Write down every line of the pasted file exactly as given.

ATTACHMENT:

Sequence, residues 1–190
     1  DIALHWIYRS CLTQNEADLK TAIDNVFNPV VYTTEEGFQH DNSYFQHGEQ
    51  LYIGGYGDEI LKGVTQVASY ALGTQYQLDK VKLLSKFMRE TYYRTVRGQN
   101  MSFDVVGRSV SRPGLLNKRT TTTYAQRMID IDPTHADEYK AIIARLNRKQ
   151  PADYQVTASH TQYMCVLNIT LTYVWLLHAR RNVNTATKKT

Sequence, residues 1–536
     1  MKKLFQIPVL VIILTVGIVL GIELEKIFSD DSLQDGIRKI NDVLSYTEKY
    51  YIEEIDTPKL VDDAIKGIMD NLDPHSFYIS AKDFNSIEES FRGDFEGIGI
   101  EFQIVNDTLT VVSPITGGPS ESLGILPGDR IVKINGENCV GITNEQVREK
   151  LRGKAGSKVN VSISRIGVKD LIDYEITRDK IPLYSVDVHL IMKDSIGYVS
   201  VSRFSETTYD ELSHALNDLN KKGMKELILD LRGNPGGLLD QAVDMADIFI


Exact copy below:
Sequence, residues 1–190
     1  DIALHWIYRS CLTQNEADLK TAIDNVFNPV VYTTEEGFQH DNSYFQHGEQ
    51  LYIGGYGDEI LKGVTQVASY ALGTQYQLDK VKLLSKFMRE TYYRTVRGQN
   101  MSFDVVGRSV SRPGLLNKRT TTTYAQRMID IDPTHADEYK AIIARLNRKQ
   151  PADYQVTASH TQYMCVLNIT LTYVWLLHAR RNVNTATKKT

Sequence, residues 1–536
     1  MKKLFQIPVL VIILTVGIVL GIELEKIFSD DSLQDGIRKI NDVLSYTEKY
    51  YIEEIDTPKL VDDAIKGIMD NLDPHSFYIS AKDFNSIEES FRGDFEGIGI
   101  EFQIVNDTLT VVSPITGGPS ESLGILPGDR IVKINGENCV GITNEQVREK
   151  LRGKAGSKVN VSISRIGVKD LIDYEITRDK IPLYSVDVHL IMKDSIGYVS
   201  VSRFSETTYD ELSHALNDLN KKGMKELILD LRGNPGGLLD QAVDMADIFI